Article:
PRISMA-S is a 16-item checklist that covers multiple aspects of the search process for systematic reviews. It is intended to guide reporting, not conduct, of the search. The checklist should be read in conjunction with the Explanation and Elaboration (Part 3), which provides more detail about each item. We also include two boxes, one a glossary of terms (see Table 2) and the other, guidance on depositing search data and method descriptions in online repositories (see Table 3).

The Explanation and Elaboration also includes examples of good reporting for each item. Each exemplar is drawn from published systematic reviews. For clarity, some exemplars are edited to match the style of this document, including any original citations, and abbreviations are spelled out to aid comprehension. Any other edits to the text are noted with square brackets. A description of the rationale behind the item is explained, followed by additional suggestions for clear reporting and a suggested location(s) for reporting the item.

Not every systematic review will make use of all of the items in the Information Sources and Methods section of the checklist, depending on the research question and the methods chosen by the authors. The checklist provides a framework for the current most common and recommended types of information sources and methods for systematic reviews, but authors should use and report those items relevant and appropriate to their review. The checklist may also be used for systematic review protocols to fully document the planned search, in conjunction with the PRISMA-P reporting guideline [36] (Table 1).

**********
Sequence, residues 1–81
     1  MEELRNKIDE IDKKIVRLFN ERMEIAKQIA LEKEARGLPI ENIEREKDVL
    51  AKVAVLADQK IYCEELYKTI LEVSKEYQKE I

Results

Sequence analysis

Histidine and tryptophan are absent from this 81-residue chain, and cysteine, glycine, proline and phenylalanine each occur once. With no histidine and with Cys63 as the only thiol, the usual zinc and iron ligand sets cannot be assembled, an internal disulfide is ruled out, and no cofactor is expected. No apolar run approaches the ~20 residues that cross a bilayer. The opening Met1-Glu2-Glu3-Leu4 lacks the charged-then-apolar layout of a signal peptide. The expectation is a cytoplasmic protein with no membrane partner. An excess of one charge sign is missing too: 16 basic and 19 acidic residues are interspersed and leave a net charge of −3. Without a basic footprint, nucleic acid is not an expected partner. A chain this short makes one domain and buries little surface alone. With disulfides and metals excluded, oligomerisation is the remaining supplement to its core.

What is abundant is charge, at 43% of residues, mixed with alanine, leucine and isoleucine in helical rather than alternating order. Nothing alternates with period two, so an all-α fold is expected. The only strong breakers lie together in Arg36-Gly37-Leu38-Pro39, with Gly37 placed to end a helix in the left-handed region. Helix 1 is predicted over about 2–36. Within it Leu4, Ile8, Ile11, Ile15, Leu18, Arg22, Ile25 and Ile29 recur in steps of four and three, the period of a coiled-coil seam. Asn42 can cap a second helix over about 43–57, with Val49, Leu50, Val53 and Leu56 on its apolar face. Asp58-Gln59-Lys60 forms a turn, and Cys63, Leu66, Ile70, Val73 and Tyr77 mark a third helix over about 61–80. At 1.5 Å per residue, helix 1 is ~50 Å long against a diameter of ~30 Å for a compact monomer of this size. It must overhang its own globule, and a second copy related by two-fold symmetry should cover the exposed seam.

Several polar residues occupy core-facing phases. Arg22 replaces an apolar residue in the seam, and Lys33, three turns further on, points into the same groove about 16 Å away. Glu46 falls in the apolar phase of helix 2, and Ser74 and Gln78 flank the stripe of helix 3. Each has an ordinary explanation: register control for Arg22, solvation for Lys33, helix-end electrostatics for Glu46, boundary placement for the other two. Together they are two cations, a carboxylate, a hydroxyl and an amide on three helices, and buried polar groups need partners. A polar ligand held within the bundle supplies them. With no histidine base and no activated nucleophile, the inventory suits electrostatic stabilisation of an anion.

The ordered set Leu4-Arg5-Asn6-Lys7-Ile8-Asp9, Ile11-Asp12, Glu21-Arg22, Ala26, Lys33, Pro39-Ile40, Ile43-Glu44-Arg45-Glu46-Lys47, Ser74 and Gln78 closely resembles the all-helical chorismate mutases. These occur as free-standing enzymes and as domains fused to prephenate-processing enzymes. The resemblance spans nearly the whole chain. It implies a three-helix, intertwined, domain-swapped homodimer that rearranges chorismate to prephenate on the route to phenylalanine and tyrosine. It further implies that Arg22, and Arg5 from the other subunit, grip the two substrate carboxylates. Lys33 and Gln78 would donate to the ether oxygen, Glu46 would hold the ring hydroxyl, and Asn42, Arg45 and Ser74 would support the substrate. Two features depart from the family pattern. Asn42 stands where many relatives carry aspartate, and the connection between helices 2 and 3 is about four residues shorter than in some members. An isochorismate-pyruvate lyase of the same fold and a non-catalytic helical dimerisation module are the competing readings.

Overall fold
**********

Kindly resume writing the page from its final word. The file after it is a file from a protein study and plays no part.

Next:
Table 1 PRISMA-S checklist. A downloadable version of the checklist is available on the PRISMA website [37]

Part 3: Explanation and Elaboration

Item 1. Database name

Name each individual database searched, stating the platform for each.

Example

“The following electronic databases were searched: MEDLINE (Ovid), CINAHL (EBSCOhost), PsycINFO (Ovid), Cochrane Central Register of Controlled Trials (Ovid), SPORTDiscus (EBSCOhost), EMBASE (Ovid) and ProQuest Dissertations and Theses Global (ProQuest).” [38]

Explanation

Databases are the most commonly used tool to locate studies to include in systematic reviews and meta-analyses [6, 39]. There is no single database that is able to provide a complete and accurate list of all studies that meet systematic review criteria due to the differences in the articles included and the indexing methods used between databases (Table 2). These differences have led to recommendations that systematic review teams search multiple databases to maximize the likelihood of finding relevant studies [6, 39, 40]. This may include using broad disciplinary databases (e.g., MEDLINE [41], Embase [42], Scopus [43]), specialized databases (e.g., PsycINFO [44] or EconLit [45]), or regional databases (e.g., LILACS [46] or African Index Medicus [47]).

Table 2 Glossary